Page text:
THE CHINABERRY ALBUM by Ruth Coe Chambers

THE CHINABERRY ALBUM

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KIRKUS REVIEW

Chambers' debut novel begins as a typical coming-of-age story, this one describing the world of Bay Harbor, Florida--a town ""as clean and sparkling as a freshly washed shell""--from the point of view of its nine-year-old protagonist. Once bustling, the town has come to be decimated by fever and tidal wave. As the childhood stomping-ground of Anna Lee Owens, it is a lazy place that only gradually feels the impact of WW II: the iceman dies overseas: Anna Lee encounters a tramp on the beach who tells her he's a deserter; and her mother's best friend, Helen, the glowing proprietress of a local boardinghouse, is romanced by a convalescing soldier. Then Helen's husband, Chester, starts sexually harassing prepubescent Anna Lee. At the same time, the girl must cope with her suspicion that she was adopted and with the imminent loss of her beloved Uncle Johnn (sic), a druggist who's spent years trying to convince the town's grass widow, Miss Amy, to forget her insane ex-husband and marry him. Things come to a head when Chester tries to rape Anna Lee, blaming the incident on the tramp, whom she's taken to calling Ashley, after the southern gentleman in Gone With the Wind. After the attack. Anna Lee refuses to speak, though finally the truth comes out--that the tramp is W.T., Miss Amy's ex-husband, escaped from the nuthouse, and Anna Lee is her own daddy's little girl. The gothic twists at the end of this otherwise bright and sensitive story get out of hand and leave the main character unfocused. A pleasant excursion, nevertheless, into the atmosphere of its time and place.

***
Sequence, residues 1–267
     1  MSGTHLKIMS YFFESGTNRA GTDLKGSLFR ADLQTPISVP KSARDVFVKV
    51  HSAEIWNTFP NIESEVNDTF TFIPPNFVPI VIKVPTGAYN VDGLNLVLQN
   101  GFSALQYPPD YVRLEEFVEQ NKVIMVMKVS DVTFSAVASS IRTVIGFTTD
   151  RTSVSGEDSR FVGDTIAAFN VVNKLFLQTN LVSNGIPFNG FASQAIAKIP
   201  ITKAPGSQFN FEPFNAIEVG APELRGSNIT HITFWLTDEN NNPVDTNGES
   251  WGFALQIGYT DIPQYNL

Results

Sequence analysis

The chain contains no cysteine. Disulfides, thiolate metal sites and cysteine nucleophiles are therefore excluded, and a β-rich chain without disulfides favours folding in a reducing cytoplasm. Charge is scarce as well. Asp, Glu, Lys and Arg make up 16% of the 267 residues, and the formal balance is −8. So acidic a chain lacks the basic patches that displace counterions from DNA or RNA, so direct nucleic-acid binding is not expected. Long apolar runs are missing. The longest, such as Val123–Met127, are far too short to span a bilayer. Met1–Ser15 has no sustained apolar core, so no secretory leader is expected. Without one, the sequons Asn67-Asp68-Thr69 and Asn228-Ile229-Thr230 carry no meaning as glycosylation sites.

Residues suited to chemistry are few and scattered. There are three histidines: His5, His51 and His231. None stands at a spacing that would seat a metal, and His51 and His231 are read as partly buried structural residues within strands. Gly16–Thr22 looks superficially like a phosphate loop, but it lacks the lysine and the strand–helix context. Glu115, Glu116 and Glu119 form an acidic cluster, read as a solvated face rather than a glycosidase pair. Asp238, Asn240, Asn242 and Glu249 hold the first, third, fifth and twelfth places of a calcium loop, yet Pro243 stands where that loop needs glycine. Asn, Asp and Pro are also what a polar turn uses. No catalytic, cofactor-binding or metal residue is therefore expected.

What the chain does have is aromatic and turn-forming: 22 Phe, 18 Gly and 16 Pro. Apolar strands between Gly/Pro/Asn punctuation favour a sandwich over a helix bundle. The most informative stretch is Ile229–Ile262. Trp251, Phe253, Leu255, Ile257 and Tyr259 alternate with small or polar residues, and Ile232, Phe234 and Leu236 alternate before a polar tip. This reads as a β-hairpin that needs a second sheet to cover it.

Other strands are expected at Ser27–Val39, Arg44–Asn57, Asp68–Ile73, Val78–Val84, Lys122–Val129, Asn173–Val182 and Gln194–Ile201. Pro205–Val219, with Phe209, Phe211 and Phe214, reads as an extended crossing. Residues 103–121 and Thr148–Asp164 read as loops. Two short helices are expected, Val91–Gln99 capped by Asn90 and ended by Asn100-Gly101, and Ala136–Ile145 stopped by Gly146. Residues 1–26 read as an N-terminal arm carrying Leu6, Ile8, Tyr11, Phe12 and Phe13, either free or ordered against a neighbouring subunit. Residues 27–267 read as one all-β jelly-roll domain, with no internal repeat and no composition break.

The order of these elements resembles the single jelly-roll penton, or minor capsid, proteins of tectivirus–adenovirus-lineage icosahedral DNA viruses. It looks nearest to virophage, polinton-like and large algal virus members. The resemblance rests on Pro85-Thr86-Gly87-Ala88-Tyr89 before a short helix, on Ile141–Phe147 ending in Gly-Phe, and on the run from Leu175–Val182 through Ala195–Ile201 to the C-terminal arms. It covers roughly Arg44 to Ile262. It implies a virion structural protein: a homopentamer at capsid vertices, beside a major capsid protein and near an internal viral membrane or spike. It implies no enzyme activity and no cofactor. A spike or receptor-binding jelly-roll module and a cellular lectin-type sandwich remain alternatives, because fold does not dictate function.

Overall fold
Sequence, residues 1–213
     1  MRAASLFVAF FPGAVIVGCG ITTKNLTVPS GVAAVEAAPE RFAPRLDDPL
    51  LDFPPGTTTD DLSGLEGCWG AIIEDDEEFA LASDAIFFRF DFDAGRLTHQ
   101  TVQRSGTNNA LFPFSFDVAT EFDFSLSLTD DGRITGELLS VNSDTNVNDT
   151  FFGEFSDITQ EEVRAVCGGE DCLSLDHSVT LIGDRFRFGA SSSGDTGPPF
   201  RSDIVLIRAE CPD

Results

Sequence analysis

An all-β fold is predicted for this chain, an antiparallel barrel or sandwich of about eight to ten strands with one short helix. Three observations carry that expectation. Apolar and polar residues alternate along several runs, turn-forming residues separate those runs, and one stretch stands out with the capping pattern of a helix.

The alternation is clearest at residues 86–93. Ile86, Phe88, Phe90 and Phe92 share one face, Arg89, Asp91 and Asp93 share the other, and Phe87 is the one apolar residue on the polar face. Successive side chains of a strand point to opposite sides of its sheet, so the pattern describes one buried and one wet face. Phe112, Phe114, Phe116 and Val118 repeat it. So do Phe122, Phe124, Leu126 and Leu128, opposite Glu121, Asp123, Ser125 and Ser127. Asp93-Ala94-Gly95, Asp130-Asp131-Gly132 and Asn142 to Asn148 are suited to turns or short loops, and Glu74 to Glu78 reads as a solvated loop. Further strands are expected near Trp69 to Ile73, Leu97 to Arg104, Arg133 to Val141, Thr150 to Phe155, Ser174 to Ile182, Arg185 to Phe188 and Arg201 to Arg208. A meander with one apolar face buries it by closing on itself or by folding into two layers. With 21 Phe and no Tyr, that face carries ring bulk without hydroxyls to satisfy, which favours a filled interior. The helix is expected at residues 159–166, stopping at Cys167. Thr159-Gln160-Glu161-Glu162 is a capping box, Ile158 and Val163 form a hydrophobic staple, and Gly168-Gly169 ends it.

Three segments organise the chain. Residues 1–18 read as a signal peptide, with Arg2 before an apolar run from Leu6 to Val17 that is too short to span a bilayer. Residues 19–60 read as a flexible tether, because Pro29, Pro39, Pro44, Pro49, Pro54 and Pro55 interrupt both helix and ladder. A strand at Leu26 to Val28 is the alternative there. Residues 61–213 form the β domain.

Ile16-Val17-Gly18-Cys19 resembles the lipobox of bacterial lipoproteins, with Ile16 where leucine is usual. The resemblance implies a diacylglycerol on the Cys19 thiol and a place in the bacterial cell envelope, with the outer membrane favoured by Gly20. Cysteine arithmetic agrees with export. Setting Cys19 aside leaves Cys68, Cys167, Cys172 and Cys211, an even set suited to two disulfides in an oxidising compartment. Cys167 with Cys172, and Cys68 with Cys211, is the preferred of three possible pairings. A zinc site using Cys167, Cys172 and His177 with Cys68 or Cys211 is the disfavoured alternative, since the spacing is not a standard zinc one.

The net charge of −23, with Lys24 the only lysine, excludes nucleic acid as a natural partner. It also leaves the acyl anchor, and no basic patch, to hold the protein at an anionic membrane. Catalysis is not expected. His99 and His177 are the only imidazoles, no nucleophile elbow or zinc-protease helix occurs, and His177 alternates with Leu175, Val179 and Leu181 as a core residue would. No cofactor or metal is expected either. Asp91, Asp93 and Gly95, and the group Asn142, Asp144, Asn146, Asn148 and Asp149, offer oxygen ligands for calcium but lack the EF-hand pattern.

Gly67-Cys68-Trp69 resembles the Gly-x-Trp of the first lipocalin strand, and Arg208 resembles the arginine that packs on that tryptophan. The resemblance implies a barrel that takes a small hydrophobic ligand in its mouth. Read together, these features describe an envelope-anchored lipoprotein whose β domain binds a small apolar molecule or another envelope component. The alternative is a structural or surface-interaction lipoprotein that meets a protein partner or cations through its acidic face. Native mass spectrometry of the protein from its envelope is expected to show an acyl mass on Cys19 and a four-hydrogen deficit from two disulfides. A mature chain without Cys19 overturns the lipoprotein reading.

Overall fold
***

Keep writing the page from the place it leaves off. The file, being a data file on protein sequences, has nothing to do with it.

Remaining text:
Pub Date: April 4th, 1988
Publisher: Mercury House--dist. by Kampmann (9 East 40 St., New York, NY 10016)